News: Quick Takes

Cracking down on overcriminalization of occupational licensing boards, commissioners

Bill would eliminate provisions that broadly criminalize rules violations of certain occupational licensing boards

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A bill moving through the General Assembly would eliminate provisions that broadly criminalize rules violations of certain occupational licensing boards and commissions.

The measure is another step on lawmakers’ part to crack down on overcriminalization in North Carolina law.

House Bill 68 addresses such occupations as optometry, dentistry, nursing home administrators, and hospital administrators.

Under current law, any violation of the rules of certain occupational licensing boards is a crime. According to Jon Guze, senior fellow for Legal Studies at the John Locke Foundation, this fact is an example of why North Carolina has an overcriminalization problem.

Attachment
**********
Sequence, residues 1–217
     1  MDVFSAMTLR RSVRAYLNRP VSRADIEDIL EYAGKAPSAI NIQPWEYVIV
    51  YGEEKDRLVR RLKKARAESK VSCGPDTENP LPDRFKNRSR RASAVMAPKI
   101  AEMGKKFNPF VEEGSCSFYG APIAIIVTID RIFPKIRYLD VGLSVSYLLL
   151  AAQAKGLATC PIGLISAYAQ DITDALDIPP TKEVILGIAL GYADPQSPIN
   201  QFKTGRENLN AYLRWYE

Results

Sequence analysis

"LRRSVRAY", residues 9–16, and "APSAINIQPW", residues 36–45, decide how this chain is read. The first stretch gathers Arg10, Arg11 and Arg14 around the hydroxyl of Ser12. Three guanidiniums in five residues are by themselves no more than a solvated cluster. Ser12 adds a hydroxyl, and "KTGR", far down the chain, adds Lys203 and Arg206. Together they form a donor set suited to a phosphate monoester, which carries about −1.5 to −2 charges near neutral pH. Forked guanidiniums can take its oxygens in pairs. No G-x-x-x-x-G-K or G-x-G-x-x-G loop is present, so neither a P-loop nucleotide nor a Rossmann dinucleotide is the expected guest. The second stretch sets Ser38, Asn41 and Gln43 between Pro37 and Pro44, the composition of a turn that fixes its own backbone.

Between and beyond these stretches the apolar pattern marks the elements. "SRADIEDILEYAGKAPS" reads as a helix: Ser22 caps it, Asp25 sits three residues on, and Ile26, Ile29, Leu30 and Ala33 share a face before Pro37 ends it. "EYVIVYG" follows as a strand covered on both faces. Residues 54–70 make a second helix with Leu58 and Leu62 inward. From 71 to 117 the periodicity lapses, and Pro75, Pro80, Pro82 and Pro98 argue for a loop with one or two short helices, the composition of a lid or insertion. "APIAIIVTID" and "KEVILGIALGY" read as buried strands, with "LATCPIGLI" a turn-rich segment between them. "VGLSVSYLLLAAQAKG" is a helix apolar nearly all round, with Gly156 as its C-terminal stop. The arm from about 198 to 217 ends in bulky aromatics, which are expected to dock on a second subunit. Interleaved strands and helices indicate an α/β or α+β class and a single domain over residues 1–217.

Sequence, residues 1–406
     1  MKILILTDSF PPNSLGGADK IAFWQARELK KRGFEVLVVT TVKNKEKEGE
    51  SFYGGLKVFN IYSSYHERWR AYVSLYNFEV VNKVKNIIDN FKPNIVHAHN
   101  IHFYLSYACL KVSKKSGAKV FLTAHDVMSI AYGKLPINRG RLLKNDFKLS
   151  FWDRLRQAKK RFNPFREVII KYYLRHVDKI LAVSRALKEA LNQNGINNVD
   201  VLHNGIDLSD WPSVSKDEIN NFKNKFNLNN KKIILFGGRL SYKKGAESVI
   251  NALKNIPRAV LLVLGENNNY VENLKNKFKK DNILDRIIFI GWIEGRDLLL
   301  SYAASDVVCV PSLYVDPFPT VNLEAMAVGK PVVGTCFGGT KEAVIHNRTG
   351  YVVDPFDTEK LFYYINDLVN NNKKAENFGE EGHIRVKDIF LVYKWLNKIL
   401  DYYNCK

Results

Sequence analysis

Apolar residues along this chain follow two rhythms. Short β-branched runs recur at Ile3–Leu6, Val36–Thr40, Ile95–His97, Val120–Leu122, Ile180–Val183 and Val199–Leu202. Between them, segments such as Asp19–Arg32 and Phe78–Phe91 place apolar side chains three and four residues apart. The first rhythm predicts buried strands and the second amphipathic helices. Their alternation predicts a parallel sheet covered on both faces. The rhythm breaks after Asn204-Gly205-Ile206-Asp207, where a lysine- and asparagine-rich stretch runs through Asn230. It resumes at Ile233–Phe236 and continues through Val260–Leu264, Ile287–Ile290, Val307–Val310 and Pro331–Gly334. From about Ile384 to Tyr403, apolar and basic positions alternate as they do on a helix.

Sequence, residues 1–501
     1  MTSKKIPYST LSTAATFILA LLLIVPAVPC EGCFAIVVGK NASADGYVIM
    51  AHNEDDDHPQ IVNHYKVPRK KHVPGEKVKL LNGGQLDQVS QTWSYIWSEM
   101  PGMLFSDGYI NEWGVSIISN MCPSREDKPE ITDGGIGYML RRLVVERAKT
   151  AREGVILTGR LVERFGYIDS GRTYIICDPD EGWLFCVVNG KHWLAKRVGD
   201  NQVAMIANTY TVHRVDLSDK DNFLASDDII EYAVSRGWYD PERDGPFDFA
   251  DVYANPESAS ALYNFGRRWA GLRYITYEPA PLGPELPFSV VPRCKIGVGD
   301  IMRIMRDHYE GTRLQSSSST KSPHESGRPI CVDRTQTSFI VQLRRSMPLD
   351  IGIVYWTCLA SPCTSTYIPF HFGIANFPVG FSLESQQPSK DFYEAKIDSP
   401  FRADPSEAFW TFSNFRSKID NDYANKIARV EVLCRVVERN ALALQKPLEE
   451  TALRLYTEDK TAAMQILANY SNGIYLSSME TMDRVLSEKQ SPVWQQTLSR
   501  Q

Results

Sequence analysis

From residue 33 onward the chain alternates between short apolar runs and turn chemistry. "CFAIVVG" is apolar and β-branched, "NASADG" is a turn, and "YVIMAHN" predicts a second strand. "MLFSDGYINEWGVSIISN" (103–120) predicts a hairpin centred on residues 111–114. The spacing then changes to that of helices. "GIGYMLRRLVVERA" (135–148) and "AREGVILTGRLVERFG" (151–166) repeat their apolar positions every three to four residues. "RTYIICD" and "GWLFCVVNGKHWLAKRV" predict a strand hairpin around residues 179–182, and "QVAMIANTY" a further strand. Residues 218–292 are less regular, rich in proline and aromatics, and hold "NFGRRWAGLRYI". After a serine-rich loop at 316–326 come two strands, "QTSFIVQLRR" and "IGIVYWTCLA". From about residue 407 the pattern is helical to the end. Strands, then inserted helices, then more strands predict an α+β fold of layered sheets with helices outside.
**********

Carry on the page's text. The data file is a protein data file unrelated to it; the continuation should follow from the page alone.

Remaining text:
“Here’s an example that shows how absurd things have become: If a North Carolina dentist runs an advertisement for dental services that fails to state whether he or she is a general practitioner or a specialist, that dentist has committed a misdemeanor and could end up with a criminal record,” Guze said. “This bill would put a stop to that kind of absurdity and take a small but significant step towards cleaning up our sprawling, incoherent, and inaccessible body of criminal law.”

H.B. 68 passed the N.C. House in a unanimous 116-0 vote on March 23. It has yet to be taken up by the Senate.